A newcomer to the Stendhal stage was everybody’s favourite Diff Hitting, Rear Steering, Clutch Slipping singer, Marty Mone. Following his set on the Karma Valley Stage, an excitable Marty told me about his experience since arriving in Limavady. 

FT: So Marty, what are your impressions of Stendhal festival so far?

MM: I think the festival is unbelievable. We landed here early today to do interviews and my first thought was, what’s going on here? But then because I had time between interviews and the gig I started to go through the forest and the amount of stages I have found and the hidden areas, it’s unbelievable.

FT: So this is your first time at Stendhal?

MM: First time, so it took me the whole day to really get a grasp of what’s actually happening and it’s a lovely festival with the artistic feel about it and all the trees, I love it, absolutely.

FT: And what about your set just now, how did it go?

MM: Very well, now they fairly came packing in and they sang every word, so I loved it, I absolutely loved it.

Wandering around the crowd I was delighted to bump into Cormac Neeson who stopped for a  chat with his little boy Dabhóg, whom many will know was the inspiration for Cormac’s latest album, White Feather.

FT: Cormac, you’re playing two sets this weekend. How are you enjoying the Friday?

CN: I’m just down because my mother-in-law lives in Dungiven so we’re there tonight so I just thought I’d bring my little boy down for a couple of hours just to get a taste of the festival atmosphere.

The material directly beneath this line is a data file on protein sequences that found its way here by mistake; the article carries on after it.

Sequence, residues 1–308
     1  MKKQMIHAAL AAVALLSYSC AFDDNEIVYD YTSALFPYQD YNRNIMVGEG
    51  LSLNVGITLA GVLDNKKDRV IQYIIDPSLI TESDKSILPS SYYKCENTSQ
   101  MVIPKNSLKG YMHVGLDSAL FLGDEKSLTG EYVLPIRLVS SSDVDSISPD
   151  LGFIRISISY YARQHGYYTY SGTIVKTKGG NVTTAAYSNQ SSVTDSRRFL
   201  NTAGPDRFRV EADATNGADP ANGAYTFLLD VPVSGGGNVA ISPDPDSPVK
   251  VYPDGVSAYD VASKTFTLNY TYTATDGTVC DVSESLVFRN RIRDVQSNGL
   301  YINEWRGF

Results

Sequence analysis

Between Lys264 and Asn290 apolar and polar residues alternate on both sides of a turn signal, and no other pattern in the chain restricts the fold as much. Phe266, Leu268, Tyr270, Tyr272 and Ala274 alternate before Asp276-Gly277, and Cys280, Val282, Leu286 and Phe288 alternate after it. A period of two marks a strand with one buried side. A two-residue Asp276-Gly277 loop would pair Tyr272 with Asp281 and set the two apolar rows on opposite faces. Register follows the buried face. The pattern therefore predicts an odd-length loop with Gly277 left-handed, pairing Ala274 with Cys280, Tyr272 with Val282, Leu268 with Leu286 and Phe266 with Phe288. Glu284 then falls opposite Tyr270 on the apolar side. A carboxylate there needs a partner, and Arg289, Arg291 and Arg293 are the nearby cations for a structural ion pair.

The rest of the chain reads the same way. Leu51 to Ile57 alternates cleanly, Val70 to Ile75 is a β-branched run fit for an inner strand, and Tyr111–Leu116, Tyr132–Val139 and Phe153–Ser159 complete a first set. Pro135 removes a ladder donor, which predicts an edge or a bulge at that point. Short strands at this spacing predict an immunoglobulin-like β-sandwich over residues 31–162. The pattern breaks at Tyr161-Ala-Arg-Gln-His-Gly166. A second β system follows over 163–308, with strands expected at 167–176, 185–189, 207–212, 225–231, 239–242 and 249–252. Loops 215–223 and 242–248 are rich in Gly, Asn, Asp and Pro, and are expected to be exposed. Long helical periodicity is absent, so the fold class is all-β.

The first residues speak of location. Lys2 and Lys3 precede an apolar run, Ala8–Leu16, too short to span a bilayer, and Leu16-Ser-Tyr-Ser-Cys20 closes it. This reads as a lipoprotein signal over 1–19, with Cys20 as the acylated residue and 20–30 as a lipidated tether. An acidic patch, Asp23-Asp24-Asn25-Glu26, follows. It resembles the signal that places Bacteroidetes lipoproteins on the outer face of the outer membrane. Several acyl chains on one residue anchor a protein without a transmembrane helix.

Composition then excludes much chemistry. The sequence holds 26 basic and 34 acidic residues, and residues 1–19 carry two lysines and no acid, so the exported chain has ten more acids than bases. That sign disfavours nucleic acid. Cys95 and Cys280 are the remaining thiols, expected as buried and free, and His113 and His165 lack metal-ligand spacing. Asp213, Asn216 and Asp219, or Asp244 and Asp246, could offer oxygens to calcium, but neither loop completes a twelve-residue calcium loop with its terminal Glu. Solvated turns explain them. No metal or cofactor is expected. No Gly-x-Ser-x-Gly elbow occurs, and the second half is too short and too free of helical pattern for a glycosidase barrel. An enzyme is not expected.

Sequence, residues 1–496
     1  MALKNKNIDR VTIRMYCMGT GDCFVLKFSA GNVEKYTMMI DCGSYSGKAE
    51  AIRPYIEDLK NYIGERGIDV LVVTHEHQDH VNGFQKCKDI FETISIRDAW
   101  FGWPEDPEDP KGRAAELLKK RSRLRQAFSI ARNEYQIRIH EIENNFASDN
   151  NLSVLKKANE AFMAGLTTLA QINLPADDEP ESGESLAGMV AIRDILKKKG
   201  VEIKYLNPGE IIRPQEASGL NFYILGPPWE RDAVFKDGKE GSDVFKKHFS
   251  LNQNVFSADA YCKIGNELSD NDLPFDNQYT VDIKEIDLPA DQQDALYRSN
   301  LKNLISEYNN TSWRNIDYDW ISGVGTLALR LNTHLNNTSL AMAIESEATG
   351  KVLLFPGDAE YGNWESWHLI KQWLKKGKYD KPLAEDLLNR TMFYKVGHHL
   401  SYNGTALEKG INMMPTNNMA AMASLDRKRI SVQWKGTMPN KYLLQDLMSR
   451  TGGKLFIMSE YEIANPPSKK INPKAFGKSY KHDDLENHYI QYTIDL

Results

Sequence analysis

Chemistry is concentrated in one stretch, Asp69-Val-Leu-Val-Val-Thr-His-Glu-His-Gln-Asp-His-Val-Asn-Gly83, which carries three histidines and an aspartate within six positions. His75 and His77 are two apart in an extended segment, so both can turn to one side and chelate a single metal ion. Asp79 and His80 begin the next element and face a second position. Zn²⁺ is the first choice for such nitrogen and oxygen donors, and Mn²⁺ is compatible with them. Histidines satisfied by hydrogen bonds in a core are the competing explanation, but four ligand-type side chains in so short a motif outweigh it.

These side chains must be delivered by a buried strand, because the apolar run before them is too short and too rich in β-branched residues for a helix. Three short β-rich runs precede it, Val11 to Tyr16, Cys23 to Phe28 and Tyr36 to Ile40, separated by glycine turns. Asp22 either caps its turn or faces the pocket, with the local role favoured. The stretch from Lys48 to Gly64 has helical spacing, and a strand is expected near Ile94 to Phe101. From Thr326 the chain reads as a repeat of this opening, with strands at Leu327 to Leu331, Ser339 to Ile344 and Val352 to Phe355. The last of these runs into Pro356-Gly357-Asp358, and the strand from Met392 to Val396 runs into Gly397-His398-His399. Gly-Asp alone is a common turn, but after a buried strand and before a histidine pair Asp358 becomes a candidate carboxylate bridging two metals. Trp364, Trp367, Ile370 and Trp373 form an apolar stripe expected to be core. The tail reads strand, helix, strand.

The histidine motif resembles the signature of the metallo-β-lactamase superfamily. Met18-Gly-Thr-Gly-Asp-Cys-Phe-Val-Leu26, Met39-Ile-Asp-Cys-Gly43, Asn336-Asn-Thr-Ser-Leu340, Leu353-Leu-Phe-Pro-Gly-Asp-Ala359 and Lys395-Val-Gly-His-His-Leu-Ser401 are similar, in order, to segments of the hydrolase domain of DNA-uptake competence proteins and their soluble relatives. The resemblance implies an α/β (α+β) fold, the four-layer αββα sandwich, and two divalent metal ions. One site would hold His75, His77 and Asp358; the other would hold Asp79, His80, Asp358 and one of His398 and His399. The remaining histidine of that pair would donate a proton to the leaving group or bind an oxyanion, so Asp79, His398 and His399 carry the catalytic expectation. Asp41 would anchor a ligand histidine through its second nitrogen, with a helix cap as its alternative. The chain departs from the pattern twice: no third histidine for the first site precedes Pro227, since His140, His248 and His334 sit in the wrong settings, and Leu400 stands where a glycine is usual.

FT: And how old is he now?

CN: He’s 4

FT: So both of your sets are tomorrow?

CN: Both tomorrow, I am doing the main stage at a quarter to five and then an acoustic set on the Air Stage at half six.

FT: Have you had a chance to see any acts while you’re here or is there anything you’re really looking forward to seeing?

CN: I went to see String Ninjas there in the woods, and we’re just going to take a mosey round to see what we can see. Looking forward to seeing Reevah actually.

FT: You played in the Woolly Woodlands stage last year. How does it feel to be on the Karma Valley stage this year?

CN: Feels good. Feels like we’re making progress, you know?

FT: Well, I mean White Feather is massive isn’t it?

CN: Yeah it’s doing well, especially here in Ireland and around the UK. We’ve been doing quite a bit of touring, did a great Irish tour a couple of months back and we’re going to release more dates over the next week or two. And I have just signed with a new record label, an Americana/Country label called Social Family so it all seems to be moving in the right direction. When you release a record there is always inevitably a bit of a buzz around the release so it’s the next stage that’s important. 

FT: Things seem to be really taking off for you?

CN: Yeah, well,  I’ll just keep working away at it, and I am enjoying playing them and that’s the main thing.

FT: Anything tomorrow you are looking forward to seeing?

CN: Aw Damien Dempsey all the way, one of my favourites and I have never seen him at a festival before.

FT: And what is it do you think that makes Stendhal so special?

CN: A whole lot of things. You know the location is fantastic and the way they lay the whole thing out, and obviously it’s very family orientated which brings its own unique atmosphere as well. It’s just a very well run festival and you are made to feel very welcome. 

For anyone who’s never been to Stendhal, it’s hard to imagine quite how picturesque some parts of this site actually are. Nestled in the woods, one of the prettiest stages is Woodtown, and where better to meet and chat with legendary TV and radio presenter, Gerry Kelly?